Bad reaction: How to prevent your veterinary practice from falling in the reactive medicine trap - DVM
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Bad reaction: How to prevent your veterinary practice from falling in the reactive medicine trap
You may have found yourself dealing with an ailing pet, its angry owners and stiff competition from a nearby clinic. Use these tips to help you steer clear of detrimental, reactive practices and focus on providing the best care possible—proactively.


DVM360 MAGAZINE


"You took us to the cleaners!"

Monday morning came and went without much fanfare, but then, around noon, John showed up at the front desk. He was fuming. Tamara did her best to calm him down, but he demanded to see Dr. Hayes.

When Dr. Hayes approached the desk, he shouted, "You! You took us to the cleaners! I can't believe we ever trusted you with Brutus!"

As it turned out, Brutus' ear had begun to swell up again on Saturday, after Julie and John took the E-collar off at home. They arrived at the conclusion that the surgery had been done incorrectly and took Brutus to Academy Animal Hospital, where the veterinarian on staff said nothing could be done other than lancing the ear. Julie and John elected to do the procedure. Brutus was doing OK until Sunday night. When Julie called the Academy veterinarian, he told her to take Brutus back to Dr. Hayes to have the surgery done over again.

John was still seething. "You guarantee your work, don't you? We went into debt over this simple ear problem. We want our money back and we want you to fix Brutus for free. Oh, and you better believe I'm going to post online about what a terrible job you did!"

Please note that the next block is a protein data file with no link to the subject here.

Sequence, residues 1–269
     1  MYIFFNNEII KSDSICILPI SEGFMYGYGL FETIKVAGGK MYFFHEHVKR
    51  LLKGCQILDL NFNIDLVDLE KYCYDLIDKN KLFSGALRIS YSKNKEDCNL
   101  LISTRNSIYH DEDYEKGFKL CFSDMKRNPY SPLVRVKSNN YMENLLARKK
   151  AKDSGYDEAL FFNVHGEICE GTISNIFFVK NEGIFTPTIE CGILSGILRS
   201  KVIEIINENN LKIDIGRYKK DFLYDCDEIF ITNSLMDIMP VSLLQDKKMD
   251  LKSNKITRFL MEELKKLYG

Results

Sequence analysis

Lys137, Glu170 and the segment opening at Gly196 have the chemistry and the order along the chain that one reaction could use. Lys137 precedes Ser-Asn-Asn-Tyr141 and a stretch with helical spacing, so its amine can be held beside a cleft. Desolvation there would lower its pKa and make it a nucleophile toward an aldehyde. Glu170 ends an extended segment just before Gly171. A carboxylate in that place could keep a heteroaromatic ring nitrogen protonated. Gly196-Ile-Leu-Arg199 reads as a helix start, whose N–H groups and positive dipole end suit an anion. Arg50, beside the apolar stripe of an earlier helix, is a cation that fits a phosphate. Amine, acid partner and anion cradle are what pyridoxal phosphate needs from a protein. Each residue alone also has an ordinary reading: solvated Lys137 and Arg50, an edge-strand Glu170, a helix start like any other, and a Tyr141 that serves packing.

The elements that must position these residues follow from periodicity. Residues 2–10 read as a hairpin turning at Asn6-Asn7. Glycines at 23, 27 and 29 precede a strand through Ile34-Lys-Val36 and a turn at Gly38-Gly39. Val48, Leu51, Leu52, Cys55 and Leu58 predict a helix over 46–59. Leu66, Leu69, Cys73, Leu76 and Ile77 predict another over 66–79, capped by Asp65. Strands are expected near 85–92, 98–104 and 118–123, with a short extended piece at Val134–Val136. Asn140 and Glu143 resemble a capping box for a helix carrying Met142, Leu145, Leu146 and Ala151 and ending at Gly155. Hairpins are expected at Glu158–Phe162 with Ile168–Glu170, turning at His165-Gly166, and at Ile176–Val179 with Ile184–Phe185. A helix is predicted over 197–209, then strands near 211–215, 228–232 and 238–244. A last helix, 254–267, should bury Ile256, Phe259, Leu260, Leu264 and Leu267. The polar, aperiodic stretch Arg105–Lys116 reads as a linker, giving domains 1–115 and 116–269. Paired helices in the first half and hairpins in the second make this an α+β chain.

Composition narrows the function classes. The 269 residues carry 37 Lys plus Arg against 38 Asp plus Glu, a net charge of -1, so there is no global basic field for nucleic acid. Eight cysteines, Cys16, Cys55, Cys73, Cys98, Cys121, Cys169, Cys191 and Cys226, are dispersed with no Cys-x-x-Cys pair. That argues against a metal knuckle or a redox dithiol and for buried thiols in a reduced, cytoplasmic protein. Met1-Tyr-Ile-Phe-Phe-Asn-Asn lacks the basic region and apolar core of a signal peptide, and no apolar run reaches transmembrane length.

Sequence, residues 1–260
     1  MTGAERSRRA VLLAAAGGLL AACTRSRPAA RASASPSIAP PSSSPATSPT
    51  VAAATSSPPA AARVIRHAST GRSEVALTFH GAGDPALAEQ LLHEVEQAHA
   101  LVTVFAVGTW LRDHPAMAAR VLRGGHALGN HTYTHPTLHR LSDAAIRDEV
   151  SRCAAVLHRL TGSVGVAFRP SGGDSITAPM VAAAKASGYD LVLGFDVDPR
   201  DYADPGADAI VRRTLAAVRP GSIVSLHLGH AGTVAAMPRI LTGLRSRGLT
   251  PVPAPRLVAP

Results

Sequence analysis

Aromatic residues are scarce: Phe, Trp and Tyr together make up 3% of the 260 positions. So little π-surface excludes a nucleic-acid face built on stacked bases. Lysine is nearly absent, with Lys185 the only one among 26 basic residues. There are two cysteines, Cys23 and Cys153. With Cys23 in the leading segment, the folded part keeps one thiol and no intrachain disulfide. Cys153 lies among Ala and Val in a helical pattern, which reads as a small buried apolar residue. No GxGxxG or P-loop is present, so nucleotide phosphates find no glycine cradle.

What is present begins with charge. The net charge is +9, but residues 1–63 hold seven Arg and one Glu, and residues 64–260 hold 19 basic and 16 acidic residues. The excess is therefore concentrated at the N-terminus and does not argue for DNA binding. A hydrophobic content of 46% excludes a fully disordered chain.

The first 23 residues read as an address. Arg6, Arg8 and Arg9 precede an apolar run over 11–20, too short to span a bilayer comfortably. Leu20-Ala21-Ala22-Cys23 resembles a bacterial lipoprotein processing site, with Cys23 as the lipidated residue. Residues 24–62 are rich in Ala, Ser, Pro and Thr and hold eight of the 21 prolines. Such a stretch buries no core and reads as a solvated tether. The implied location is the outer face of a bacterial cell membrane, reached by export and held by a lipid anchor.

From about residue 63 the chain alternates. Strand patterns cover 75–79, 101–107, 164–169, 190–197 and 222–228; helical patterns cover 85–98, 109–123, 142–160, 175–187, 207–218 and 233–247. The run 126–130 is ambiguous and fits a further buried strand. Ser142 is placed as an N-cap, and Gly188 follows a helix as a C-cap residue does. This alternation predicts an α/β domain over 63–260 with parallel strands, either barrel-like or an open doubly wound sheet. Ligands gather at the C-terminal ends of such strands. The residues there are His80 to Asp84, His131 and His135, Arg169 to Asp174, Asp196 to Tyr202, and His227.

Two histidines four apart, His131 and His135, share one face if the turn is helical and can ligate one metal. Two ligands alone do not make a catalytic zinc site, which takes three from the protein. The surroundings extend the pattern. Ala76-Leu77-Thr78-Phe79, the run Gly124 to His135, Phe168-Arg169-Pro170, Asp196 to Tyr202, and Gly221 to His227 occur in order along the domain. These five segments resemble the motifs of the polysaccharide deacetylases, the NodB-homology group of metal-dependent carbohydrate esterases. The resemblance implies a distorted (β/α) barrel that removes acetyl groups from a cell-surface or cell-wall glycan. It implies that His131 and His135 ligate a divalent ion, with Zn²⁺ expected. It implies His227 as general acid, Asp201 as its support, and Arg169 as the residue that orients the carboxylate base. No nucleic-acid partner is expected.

Dr. Hayes knew what she was up against. She went through the usual disclaimer discussion, the degree of difficulty and every other defensive move she could muster. But the longer she spoke, the more she realized this was a no-win situation and began to soften. Dr. Hayes, like so many veterinarians in similar situations, prepared to make a financial sacrifice for the sake of Brutus.

Combating reactive medicine

There are three separate issues that cause almost all veterinarians to work in a reactive mode:

> Private practice does not lend itself to easy patient planning. Animals get sick regardless of time and circumstances. Walk-ins and acute crisis management are part of daily practice.

> Veterinarians are busy even when there are no patients. There is a lot of uncontrolled and unproductive time spent each day.

> Veterinary medicine is a helping profession. By nature, we veterinarians want to react and make things work out for both the client and the patient.

Dr. Hayes was working in reactive mode. Let's review what she and the rest of the staff at Mountain View could have done differently to be proactive rather than reactive.

Arm the troops. Anything out of the ordinary needs to be reported to the doctors before an appointment begins. A "heads-up" is always appreciated. Dr. Hayes should make this a part of her employee training.

Expect the unexpected. Veterinarians will always work with unpredictable problems and patients. It's crucial to educate clients about your plan of action and incorporate multiple outcome scenarios—this should take place before you move forward. And writing these plans down is important. Dr. Hayes started out well with John and Julie but did not follow through.